Excellent, with over 98% of the Loveless applied chrome finish, showing minimal handling marks overall. Most of the slide markings are obscured by the alterations, though the original factory barrel and frame marks are crisp and clear. The grips are excellent, with a few minor handling marks. Mechanically, the pistol is superb, clearly the work of an expert. A scarce weapon in any condition, the brainchild and hand-work of one of the top names in American weaponry, and one of the most uncommon variations of Smith & Wesson's small caliber pistols.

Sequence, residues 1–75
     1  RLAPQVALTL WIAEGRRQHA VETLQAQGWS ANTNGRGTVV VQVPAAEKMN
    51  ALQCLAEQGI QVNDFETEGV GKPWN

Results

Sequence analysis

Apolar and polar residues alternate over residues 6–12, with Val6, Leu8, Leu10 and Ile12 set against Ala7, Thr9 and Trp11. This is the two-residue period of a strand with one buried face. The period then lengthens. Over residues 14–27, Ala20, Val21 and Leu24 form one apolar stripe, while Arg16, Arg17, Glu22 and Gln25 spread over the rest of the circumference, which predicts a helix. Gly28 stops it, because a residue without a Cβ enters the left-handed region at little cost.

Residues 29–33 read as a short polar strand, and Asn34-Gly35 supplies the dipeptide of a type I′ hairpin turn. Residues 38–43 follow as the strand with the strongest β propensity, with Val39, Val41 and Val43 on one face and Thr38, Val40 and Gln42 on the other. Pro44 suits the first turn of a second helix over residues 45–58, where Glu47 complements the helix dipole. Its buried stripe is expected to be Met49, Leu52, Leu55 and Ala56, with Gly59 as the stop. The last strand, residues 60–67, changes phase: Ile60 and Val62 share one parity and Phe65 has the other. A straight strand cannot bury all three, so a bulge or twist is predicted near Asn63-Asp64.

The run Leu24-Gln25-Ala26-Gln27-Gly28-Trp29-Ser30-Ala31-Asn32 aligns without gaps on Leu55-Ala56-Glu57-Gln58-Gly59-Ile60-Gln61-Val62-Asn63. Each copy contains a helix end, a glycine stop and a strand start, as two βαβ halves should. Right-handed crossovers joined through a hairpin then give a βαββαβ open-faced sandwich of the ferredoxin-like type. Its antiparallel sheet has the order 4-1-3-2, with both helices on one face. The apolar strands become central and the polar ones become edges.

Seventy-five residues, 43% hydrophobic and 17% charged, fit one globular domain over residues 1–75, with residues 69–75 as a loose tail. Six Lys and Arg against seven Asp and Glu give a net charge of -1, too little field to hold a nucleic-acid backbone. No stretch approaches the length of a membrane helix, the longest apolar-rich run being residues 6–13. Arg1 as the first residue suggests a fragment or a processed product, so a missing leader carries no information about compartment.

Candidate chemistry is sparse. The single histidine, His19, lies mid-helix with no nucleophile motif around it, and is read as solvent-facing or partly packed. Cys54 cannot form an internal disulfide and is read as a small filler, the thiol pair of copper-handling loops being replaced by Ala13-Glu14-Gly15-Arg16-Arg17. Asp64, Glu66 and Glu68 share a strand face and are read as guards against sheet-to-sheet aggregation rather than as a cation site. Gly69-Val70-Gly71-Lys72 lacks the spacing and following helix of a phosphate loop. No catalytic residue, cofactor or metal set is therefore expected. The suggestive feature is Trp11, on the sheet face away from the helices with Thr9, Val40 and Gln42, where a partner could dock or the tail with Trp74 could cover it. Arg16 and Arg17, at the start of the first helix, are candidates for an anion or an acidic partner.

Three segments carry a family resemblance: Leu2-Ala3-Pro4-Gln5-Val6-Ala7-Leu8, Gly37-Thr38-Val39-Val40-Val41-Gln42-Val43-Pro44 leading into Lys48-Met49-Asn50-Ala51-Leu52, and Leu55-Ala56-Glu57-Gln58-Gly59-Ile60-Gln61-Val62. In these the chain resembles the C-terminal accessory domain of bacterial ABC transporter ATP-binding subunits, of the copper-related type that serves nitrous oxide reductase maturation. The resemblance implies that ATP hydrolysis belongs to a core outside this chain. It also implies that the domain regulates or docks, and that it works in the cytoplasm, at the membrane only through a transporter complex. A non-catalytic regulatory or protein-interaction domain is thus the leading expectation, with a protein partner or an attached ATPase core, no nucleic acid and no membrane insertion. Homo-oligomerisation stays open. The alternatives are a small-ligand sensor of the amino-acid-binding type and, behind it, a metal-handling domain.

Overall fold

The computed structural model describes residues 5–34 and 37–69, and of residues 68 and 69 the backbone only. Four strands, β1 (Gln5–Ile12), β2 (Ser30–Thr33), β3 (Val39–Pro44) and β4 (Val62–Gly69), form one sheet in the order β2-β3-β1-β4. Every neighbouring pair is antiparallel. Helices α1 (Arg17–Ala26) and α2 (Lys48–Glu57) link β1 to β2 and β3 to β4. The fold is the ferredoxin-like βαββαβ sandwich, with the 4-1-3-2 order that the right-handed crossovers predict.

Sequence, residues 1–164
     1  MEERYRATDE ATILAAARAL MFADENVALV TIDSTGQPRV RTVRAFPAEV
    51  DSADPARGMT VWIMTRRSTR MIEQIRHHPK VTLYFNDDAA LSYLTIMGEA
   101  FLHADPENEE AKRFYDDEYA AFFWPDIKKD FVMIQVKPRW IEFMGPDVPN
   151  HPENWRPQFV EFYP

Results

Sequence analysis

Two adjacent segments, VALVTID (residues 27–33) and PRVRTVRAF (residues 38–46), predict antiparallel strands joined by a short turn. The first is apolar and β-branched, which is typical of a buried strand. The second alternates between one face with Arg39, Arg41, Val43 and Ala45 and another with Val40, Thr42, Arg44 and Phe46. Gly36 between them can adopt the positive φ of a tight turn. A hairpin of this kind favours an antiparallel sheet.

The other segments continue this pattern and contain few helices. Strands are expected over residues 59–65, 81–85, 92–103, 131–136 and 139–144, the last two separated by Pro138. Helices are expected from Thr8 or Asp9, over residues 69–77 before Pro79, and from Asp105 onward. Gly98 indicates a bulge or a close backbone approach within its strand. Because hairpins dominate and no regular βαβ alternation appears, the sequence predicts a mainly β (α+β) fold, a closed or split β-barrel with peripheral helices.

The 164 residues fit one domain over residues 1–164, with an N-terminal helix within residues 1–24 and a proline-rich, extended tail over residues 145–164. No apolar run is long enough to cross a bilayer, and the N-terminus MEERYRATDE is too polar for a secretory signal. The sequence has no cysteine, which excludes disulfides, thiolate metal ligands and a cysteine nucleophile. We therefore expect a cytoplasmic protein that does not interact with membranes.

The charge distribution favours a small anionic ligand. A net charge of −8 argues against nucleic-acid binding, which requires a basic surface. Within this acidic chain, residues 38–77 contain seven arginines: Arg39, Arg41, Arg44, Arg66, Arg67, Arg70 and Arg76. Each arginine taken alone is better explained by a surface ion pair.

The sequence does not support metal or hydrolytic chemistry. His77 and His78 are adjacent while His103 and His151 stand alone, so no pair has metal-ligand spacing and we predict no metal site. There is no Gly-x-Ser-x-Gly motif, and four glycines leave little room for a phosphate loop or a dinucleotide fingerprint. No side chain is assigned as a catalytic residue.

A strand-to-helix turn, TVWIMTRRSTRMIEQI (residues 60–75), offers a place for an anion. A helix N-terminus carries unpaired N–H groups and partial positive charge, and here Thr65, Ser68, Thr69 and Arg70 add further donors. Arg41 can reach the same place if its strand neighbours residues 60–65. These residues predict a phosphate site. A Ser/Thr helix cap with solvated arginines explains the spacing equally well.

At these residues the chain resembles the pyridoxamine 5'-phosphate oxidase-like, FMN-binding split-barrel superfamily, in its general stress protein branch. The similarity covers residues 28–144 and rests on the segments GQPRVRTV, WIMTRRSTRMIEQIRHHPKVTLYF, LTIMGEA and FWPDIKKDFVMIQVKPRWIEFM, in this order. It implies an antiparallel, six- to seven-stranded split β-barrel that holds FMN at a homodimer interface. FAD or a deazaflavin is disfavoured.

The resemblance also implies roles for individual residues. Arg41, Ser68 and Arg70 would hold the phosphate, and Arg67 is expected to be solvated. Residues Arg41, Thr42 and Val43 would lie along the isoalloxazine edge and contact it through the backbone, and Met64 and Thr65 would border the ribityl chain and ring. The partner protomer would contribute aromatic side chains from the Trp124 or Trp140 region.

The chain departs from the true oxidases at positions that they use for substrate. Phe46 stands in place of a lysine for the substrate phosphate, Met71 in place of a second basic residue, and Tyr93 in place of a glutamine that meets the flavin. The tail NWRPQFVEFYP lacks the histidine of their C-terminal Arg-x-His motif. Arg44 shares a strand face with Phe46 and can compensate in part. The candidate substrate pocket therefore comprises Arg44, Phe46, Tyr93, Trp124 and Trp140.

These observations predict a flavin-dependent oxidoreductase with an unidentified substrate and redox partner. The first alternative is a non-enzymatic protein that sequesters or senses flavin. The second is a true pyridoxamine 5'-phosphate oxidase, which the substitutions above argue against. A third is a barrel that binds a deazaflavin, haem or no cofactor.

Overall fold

Introduced in 1957, this Model 41 has been extensively modified in the workshop of Bob Loveless. Known as one of the leading lights of 20th century American knifemaking, Loveless was also an avid shooter, and particularly fond of the 22 Long Rifle-chambered semi-automatic pistol for plinking in the field or taking small woodland game. He was unsatisfied with the products on the market; to quote the man himself from an article in March 1975 issue of Gun World (photocopy included) "the ones capable of the accuracy I expected and demanded were all too big, bulky… If they were small, light and handy, they just wouldn't deliver the slugs to the place I had in mind.". Loveless started with a factory issue Model 41, and when it was done it was almost 5 inches shorter, including nearly an inch off the back end of the pistol to convert it into an open hammer gun. A half-cock notch was added for safety, the original target grips thinned and reduced to be more suitable for carry, a custom gold anodized aluminum back strap installed, a tang extension added to the bottom of the front strap, and the upper edges of the shortened barrel cut down and milled through to create a vent rib, in addition to a general hand polishing and fitting of the components. This example measures 7 1/4 inches in overall length, and weighs only 1 pound 13.4 ounces. By Loveless' accounting, the Field Gun represented about 75 to 100 hours of hand work, and due to other demands on his time the turnaround period for a stock Model 41 arriving at his shop and leaving as a Field Gun was about 4 years. One magazine, hand-fitted to the pistol and numbered to match, is included.